Dance with Zombies in Vincent Morisset's Interactive Music Video for Arcade Fire
On his website, Vincent Morisset describes himself as a "web-friendly director." Combine that with web-friendly band Arcade Fire (they of interactive music video "The Wilderness Downtown" fame) and you just might have 2012's answer to "Thriller."
The track "Sprawl II (Mountains Beyond Mountains)" has two music videos, both directed by Morisset. One is a traditional clip featuring zombie-like creatures dancing in the suburbs (a recurring team for the band, whose The Suburbs album won an Album of the Year Grammy in 2011). The second uses the same footage but in a way that lets the user control the movements either with their webcam or mouse. Move slowly and so do the dancers; move faster and everything speeds up; stop altogether and the footage plays in a loop that insures you'll never have the same experience twice when visiting sprawl2.com.
Non-interactive version of "Sprawl II" music video.
Morisset had the idea for an interactive dance piece two years ago, while he was working on new media artwork for The Suburbs along with his studio AATOAA in Montreal. At that point, he was experimenting with a simple Flash-based program that presented colors blinking in correlation with his arms moving in front of a webcam. He pitched the idea to the band's Régine Chassagne who promised a "dancier" song on their next album that would be a good fit for the concept.
"I wanted something super simple," says Morisset. "I wanted something that was free of rules and dancing is about that. Everybody moves their own way."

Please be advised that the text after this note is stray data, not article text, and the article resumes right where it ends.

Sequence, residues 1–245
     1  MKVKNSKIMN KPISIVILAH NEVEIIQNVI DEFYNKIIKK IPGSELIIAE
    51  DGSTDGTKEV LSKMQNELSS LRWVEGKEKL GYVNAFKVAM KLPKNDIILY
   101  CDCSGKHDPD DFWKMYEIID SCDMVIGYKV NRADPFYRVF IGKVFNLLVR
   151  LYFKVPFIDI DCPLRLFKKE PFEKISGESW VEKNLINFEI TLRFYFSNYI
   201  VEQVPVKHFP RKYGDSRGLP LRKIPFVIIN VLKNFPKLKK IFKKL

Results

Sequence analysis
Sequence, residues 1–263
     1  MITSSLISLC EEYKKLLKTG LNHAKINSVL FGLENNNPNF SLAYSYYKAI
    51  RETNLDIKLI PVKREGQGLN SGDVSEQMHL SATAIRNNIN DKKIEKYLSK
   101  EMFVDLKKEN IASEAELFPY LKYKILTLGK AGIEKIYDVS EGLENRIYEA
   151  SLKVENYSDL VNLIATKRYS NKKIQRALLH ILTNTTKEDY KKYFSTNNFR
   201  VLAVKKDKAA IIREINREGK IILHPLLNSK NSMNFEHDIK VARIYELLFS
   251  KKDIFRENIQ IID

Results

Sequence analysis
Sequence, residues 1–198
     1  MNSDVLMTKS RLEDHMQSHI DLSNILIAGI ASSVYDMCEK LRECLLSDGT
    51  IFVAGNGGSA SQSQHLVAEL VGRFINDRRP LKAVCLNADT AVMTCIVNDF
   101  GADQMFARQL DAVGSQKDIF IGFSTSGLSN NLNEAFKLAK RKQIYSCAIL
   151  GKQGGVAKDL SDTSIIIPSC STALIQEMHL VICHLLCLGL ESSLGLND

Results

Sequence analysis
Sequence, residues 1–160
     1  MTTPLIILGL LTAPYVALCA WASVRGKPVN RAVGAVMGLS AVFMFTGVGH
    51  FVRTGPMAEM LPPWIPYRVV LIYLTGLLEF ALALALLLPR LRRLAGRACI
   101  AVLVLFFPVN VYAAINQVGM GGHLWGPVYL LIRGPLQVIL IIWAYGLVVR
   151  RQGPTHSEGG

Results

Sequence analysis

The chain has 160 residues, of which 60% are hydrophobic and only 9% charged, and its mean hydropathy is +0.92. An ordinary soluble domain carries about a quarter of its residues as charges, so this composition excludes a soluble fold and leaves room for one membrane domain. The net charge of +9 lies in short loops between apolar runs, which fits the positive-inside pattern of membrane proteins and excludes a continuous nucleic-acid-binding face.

To start out, Morisset and programmer Édouard Lanctôt-Benoit shot scenes of themselves dancing in the alley behind their offices and then tested out controlling their movements with their laptop's webcam.
"I showed that test to choreographer Dana Gingras to explain that we needed choreography that would keep the gesture 'grammar' simple so that there's not too much going on," explains Morisset. "So that when you move in front of your webcam, you see simple gestures on-screen. There's something quite satisfying in that. And we knew that any movement could be looped at any moment so, in a way, you choreograph inside an existing choreography. Having that in mind influenced the way Régine and the suburbanite zombies moved."
From the backend, the program analyzes the difference between frames captured by the camera to figure out if the user is moving fast or slow. The more differences it registers, the faster the motion will appear within the movie.
The video was shot simultaneously on two RED ONE cameras on what Morisset calls a "ghetto version of a 3D rig."
"What we were doing was putting two cameras side by side and focusing on a specific subject so you have this strange sense of depth," the director says. "Then we were editing the two video tracks together and were sometimes flipping from one frame of one camera to a frame of the other camera. So it gives it this kind of look of an animated gif—flipping from one image to another—but we did it in video."
With books, TV shows and video games galore, zombies may seem like the cool kids on the block these days, but Morisset says that for him the video's creatures was more about the concept of anonymity than about simply finding a trend to jump on. "I wanted to echo the meaning of the lyrics about this alienating environment and this girl who wants to get free of it," he sums up. "[The video] is just a little tale echoing what the lyrics are talking about."